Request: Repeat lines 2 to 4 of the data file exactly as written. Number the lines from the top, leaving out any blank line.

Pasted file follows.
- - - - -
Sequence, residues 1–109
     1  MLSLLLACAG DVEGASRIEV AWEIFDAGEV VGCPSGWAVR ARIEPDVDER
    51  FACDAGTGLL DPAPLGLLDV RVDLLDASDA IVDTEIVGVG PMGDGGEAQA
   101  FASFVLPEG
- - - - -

     1  MLSLLLACAG DVEGASRIEV AWEIFDAGEV VGCPSGWAVR ARIEPDVDER
    51  FACDAGTGLL DPAPLGLLDV RVDLLDASDA IVDTEIVGVG PMGDGGEAQA
   101  FASFVLPEG